GOOD MORNING: While Michael Douglas visited his father Kirk Douglas this week to “evaluate a few story possibilities,” it is Eric who is first teaming up with his dad. Douglas, pere, has made marvelous progress since last we spoke — and considerably improved since you heard/saw him on the Academy Awards and Barbara Walters’ show. However, when Kirk was asked to do two vocal assignments, he deferred — to son Eric. In the first, the youngest Douglas will tape audio portions of two p.s.a.’s for the Boys Republic in which Eric says, “My dad is proud to be this year’s Della Robbia Wreath Campaign chair for Boys Republic.” Eric D.’s second audio assignment is the voiceover/book on tape for Simon & Schuster of Kirk’s novel, “The Broken Mirror.” It is Kirk’s first children’s book and he tells me he has a contract for a second, on which he is now working. Kirk describes how he came to write a children’s book in his ongoing autobio “Climbing the Mountain: My Search for Meaning” (S&S). He says, the children’s book “is based on the friendship of two boys whom I had introduced in my first novel, ‘Dance With the Devil.’ I read it over and said to myself, ‘Hey Kirk, this is good.’ Since it had a Holocaust theme, I sent it to the expert, Steven Spielberg, for his evaluation. He responded: ‘It is absorbing and touching, and a book to be read and enjoyed by youngsters and their parents alike. It’s a story which gets your attention and has so much to say in such a concise form that it should not be limited to Jewish readers. Kirk, you’ve done a great job.’ I think it’s safe to say,” said Kirk, “my penpal (Spielberg) liked it so I decided to donate all the proceeds to his Visual History of the Shoah Foundation.”
I COULD HAVE DANCED ALL NIGHT (with apologies to “My Fair Lady” and Lerner & Loewe) at Tuesday night’s special screening of “Shall We Dance?” which had the movie audience dancing out onto Wilshire Blvd. and continuing later at Miramax’s Bob and Harvey Weinstein’s post-screening party at the BevWilshire, where professionals, dancing to the Arthur Handlin combo, enticed previewgoers to team with them on the dance floor. The enticed dancers included Lisa Pelikan (husband Bruce was night shooting, as a heavy, on DreamWorks’ children’s film, “Paulie: A Parrot’s Tale”), as well as my wife Selma and me. The warmth of the movie carried long into the night, as director Masayuki Suo was receiving congrats from his Hollywood audience — as he has been getting at openings around the country. The pic grossed $88,106 in five screens in three days, at an average of $17,621 a screen. Last year, it swept the Japanese equivalent of the Academy Awards, with 13 wins, and Miramax is hoping to make its mark at the Oscars next year. Director Suo said his pic cost $4.5 million. No, there are no plans to do a sequel. No, he hasn’t received any U.S. pic offers. No, he does not even have a Hollywood agent, he said (via an interpreter — although he understands and speaks some English, I discovered!) The charming director married his beautiful, Mona Lisa-ish leading lady Tamiyo Kusakari at the movie’s wrap. She was not here with him, but is in Japan — dancing. Hopefully the two will team again for another movie. … Meanwhile, “Shut Up and Dance,” Columbia/Mandalay’s mammoth dance-themed movie starring Vanessa Williams, Chayanne, Kris Kristofferson and Joan Plowright, just completed its “international (U.S., Russia, Canada, Italy and Japan) dance championships,” which were filmed on a hangar at Van Nuys airport, doubling for a Las Vegas Monte Carlo Resort & Casino Ballroom. I was impressed at an earlier visit to the set at the Hacienda Real Dance Club in downtown L.A. This romantic dance movie directed by salsa dancer (no kidding!) Randa Haines, has a Valentine’s Day ’98 opening date. The company recently had a scare when co-star Chayanne suffered a severe cut over an eye when playing basketball; he required over 30 stitches and was out two days but is now OK and looks good as new, I am assured.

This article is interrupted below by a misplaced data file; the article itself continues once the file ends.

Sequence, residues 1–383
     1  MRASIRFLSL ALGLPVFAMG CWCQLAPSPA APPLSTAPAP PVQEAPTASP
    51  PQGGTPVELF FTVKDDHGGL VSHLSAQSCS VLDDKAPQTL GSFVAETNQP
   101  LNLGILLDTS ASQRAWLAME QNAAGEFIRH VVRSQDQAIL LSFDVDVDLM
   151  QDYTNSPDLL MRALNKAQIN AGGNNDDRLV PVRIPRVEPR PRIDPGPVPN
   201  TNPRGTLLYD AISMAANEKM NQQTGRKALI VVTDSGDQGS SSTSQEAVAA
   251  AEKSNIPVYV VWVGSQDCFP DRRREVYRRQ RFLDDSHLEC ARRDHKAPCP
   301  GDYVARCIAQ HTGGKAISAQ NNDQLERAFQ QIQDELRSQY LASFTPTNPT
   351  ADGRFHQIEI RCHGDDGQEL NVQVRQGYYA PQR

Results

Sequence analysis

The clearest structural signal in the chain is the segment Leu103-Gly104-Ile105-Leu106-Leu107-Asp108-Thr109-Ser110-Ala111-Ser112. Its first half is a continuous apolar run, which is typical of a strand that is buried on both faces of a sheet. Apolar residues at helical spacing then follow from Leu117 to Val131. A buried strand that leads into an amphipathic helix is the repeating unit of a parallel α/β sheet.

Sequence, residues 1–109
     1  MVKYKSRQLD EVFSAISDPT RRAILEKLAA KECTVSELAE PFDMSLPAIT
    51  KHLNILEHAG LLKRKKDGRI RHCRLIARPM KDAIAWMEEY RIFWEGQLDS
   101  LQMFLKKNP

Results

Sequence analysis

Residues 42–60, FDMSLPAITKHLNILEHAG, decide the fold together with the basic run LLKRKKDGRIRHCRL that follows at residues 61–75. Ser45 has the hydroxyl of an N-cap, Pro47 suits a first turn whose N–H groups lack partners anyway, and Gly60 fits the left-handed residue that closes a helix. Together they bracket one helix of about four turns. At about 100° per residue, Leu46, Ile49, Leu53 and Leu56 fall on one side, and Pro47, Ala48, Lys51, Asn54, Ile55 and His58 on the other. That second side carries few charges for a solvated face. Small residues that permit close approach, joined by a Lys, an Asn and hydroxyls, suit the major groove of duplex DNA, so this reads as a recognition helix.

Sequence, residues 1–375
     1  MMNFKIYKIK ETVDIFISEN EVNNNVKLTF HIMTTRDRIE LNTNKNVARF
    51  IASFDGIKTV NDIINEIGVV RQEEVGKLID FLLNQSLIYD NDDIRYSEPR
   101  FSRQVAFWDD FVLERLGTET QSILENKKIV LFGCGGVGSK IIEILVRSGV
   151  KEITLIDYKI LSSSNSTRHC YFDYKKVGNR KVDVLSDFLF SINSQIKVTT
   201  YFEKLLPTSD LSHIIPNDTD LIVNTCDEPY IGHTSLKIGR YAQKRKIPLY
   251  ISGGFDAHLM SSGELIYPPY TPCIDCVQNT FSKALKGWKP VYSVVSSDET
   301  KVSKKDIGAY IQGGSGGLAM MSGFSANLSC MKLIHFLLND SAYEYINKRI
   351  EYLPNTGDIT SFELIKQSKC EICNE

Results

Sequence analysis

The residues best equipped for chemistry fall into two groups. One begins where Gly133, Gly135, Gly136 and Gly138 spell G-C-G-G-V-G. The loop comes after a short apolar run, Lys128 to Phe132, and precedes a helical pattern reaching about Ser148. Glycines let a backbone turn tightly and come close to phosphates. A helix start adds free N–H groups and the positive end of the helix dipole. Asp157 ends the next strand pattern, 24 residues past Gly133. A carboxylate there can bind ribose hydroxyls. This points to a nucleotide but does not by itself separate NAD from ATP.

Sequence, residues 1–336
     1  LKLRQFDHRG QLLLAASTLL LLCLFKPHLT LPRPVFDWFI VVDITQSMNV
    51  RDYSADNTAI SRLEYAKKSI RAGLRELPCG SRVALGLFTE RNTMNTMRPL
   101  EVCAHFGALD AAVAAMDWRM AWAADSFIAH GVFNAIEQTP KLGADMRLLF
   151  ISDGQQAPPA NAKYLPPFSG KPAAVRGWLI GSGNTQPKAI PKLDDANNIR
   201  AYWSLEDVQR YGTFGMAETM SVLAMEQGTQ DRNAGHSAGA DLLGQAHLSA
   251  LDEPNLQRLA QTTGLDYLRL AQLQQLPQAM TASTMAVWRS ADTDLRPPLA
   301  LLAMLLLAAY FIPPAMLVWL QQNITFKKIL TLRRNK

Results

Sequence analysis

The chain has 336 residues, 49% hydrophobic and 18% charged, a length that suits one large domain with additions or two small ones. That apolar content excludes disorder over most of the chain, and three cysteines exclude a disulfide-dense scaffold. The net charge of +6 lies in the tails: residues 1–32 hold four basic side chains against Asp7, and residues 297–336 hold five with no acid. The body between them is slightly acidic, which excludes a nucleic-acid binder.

UTA HAGEN, CELEBRATING her diamond jubilee in the theater, arrives in L.A. for “An Evening With –” at the Paramount Studio Theater July 20. Hagen, who hasn’t been here since 1982, still believes she’s on a “greylist” in movies — but not in the theater, where she received raves for her most recent role, “Mrs. Klein.” She admits, “I could write a book, but I won’t.” She still conducts master classes in acting, six hours a day. “They are very strenuous; I don’t know why I do it,” she laughed. … The all-comics benefit for Sally Marr (90, Lenny Bruce’s mother) at the Improv raised $25,000 to help defray her medical expenses. Among those who performed: Fritz Coleman, Norm Crosby, David Steinberg, Kevin Pollak, Mort Sahl, Jay Leno, Bill Maher, Shelley Berman, Richard Lewis, Victoria Jackson, Paul Rodriguez, Dom Irerra. Plus Bette Midler and Don Adams in the audience. … Jack Carter winged to Switzerland to star in the dramatic feature “Borderline” for D.V. Prods.